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Bomber in Police Uniform Kills 2 Americans in Afghanistan

A suicide attacker in a police uniform blew himself up inside a police station in the northern Afghan province of Baghlan on Monday, killing two American soldiers and an 8-year-old boy, Afghan officials said.

The blast wounded several other people, including one American soldier, officials said.

Baghlan is a relatively peaceful province, and there is said to be no active insurgency there. But it was the scene of one of the bloodiest suicide attacks last year, in which as many as 72 people were reported killed, including five lawmakers and more than 50 schoolchildren.

The Taliban quickly claimed responsibility for the attack on Monday. A spokesman, Zabiullah Mujahed, identified the suicide bomber as a man named Abdul Ahad and said the attack had caused many more casualties than those reported by Afghan and American officials.

An American military spokesman, Maj. John Redfield, said that two coalition soldiers had been killed and three wounded. He did not give the nationality of the other two wounded coalition soldiers, nor did he say what they were doing at the police station.

U.S. personnel are involved in police training and mentoring and work closely with Afghan security officials in many provinces in Afghanistan.

Dim Days for Luxury Hotels

Even as midprice hotels began losing business this past summer, luxury hotels continued to fill their rooms. Companies treated the hotels as perks for top executives and quality locations for high-level business meetings. And many leisure travelers considered a stay at a top hotel — even for a couple of days — to be worth the cost.

Times have changed.

Since mid-September, almost in parallel with the stock market turmoil, demand for fancy hotel rooms has plummeted. Patrick Ford, the president of Lodging Econometrics, said that luxury hotel room revenue rates “slowed in mid-September and really ratcheted downward during October.”

Revenue per available room, the standard measure of performance, dropped 14 percent at upscale and luxury hotels in the week ending Oct. 18 over the comparable week last year, according to Smith Travel Research. For hotels in general, the decline was about 8 percent.

Even in the best of economic times, most luxury hotels were not sustained by business from rich leisure travelers. Instead, those hotels depended on corporate travel, including meetings and conferences.

21-Year Study of Children and Health Set to Begin

After nearly a decade of planning, researchers will begin recruiting pregnant women in January for an ambitious nationwide study that will follow more than 100,000 children from before birth until age 21.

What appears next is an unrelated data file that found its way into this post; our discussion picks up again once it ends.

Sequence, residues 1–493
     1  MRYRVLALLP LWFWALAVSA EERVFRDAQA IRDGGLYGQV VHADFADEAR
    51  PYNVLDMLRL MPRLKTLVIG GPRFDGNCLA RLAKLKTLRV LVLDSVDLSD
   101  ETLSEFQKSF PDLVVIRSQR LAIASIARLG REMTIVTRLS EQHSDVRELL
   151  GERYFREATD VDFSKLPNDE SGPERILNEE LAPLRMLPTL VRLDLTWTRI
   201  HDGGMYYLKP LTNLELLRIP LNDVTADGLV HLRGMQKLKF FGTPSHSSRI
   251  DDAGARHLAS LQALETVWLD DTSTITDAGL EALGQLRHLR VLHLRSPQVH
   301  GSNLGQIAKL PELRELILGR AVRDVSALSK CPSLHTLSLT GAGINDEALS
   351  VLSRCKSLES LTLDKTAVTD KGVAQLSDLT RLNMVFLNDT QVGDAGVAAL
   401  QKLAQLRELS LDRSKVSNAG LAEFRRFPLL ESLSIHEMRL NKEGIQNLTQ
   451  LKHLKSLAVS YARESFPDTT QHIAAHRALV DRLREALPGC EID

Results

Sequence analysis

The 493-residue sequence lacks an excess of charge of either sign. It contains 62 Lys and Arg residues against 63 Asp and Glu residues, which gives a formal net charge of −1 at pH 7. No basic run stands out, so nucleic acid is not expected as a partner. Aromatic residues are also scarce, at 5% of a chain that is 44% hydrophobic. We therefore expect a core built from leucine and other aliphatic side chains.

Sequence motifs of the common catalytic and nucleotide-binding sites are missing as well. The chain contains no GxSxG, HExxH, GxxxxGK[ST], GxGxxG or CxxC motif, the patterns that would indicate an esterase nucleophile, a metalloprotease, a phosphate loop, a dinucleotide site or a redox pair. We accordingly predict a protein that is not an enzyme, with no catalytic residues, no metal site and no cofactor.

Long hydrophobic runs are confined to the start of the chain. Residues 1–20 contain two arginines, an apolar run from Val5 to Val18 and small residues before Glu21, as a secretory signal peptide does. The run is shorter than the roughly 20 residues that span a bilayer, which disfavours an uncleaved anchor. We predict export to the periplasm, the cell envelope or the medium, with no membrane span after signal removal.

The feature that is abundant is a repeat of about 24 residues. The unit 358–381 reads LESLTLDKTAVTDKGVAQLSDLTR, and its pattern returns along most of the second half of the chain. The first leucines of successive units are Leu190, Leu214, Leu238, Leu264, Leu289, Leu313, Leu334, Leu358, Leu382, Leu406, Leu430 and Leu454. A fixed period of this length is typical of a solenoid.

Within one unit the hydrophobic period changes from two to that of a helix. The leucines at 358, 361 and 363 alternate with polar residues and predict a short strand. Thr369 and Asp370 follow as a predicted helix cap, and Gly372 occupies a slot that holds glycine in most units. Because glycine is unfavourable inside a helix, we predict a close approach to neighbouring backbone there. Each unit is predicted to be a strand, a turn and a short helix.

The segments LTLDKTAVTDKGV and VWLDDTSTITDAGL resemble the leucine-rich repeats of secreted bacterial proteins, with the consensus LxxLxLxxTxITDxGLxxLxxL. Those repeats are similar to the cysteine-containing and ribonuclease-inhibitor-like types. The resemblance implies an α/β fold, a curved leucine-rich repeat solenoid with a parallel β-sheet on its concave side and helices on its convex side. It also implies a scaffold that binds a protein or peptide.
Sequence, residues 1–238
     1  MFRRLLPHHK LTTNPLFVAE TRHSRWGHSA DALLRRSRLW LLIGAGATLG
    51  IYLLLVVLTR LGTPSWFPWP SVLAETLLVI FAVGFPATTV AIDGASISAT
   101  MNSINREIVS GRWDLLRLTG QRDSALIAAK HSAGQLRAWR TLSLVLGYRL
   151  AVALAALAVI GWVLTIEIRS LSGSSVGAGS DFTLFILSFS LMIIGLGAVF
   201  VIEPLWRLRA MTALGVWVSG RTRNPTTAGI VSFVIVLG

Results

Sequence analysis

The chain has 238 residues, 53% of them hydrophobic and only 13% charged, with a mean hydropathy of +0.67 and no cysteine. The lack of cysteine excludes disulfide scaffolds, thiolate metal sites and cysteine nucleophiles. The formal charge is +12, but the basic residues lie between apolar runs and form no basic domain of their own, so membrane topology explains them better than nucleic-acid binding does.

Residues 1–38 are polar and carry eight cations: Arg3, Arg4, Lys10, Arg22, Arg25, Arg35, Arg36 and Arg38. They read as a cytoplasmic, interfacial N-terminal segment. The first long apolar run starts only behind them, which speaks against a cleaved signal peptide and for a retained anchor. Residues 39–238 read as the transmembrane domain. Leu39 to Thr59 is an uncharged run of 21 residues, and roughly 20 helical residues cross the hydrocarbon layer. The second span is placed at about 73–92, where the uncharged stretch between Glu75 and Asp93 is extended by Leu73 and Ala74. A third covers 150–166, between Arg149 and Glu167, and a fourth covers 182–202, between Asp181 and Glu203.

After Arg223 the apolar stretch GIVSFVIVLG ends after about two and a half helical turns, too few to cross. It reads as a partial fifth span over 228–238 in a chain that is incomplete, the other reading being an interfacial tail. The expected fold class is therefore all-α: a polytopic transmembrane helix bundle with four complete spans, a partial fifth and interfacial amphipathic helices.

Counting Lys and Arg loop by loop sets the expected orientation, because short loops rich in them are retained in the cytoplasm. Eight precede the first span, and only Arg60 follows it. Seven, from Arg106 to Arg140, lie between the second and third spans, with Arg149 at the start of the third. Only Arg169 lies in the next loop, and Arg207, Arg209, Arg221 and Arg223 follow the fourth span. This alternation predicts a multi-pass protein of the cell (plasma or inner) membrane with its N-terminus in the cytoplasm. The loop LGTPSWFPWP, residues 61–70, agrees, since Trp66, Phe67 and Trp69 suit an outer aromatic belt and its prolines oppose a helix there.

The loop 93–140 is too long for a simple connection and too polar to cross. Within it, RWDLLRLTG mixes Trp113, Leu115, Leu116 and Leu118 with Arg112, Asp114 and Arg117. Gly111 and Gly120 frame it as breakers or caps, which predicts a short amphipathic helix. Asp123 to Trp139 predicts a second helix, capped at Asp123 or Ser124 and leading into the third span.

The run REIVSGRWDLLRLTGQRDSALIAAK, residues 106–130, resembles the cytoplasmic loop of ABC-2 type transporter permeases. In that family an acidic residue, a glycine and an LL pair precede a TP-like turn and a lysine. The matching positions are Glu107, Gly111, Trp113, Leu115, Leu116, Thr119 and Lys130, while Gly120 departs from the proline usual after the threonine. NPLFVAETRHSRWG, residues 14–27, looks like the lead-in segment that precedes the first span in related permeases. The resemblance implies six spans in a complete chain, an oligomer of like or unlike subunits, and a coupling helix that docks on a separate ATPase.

The goal of the federally financed project, the National Children’s Study, is to gain a better understanding of the effects of a wide array of factors on children’s health.

“What we are doing is bold and needs to be bold in order to answer some pressing questions,” said the study’s director, Dr. Peter C. Scheidt, a pediatrician on the staff of the child-health division of the National Institutes of Health.

Investigators hope to find explanations for the rising rates of premature births, childhood obesity, cancer, autism, endocrine disorders and behavioral problems. To that end, they will examine factors like genetics and child rearing, geography, exposure to chemicals, nutrition and pollution.

While few quarrel with the goal, some experts worry that the expansive project will take resources away from smaller and more focused perinatal and pediatric research, particularly when budgets are certain to be strained by the financial crisis. The cost is estimated to be $110 million to $130 million a year, for a total of about $2.7 billion.

A Rise in Kidney Stones Is Seen in U.S. Children

To the great surprise of parents, kidney stones, once considered a disorder of middle age, are now showing up in children as young as 5 or 6.

While there are no reliable data on the number of cases, pediatric urologists and nephrologists across the country say they are seeing a steep rise in young patients. Some hospitals have opened pediatric kidney stone clinics.

“The older doctors would say in the ‘70s and ‘80s, they’d see a kid with a stone once every few months,” said Dr. Caleb P. Nelson, a urology instructor at Harvard Medical School who is co-director of the new kidney stone center at Children’s Hospital Boston. “Now we see kids once a week or less.”

Dr. John C. Pope IV, an associate professor of urologic surgery and pediatrics at the Monroe Carell Jr. Children’s Hospital at Vanderbilt in Nashville, said, “When we tell parents, most say they’ve never heard of a kid with a kidney stone and think something is terribly wrong with their child.”

In China recently, many children who drank milk tainted with melamine — a toxic chemical illegally added to watered-down milk to inflate the protein count — developed kidney stones.

The increase in the United States is attributed to a host of factors, including a food additive that is both legal and ubiquitous: salt.

Though most of the research on kidney stones comes from adult studies, experts believe it can be applied to children. Those studies have found that dietary factors are the leading cause of kidney stones, which are crystallizations of several substances in the urine. Stones form when these substances become too concentrated.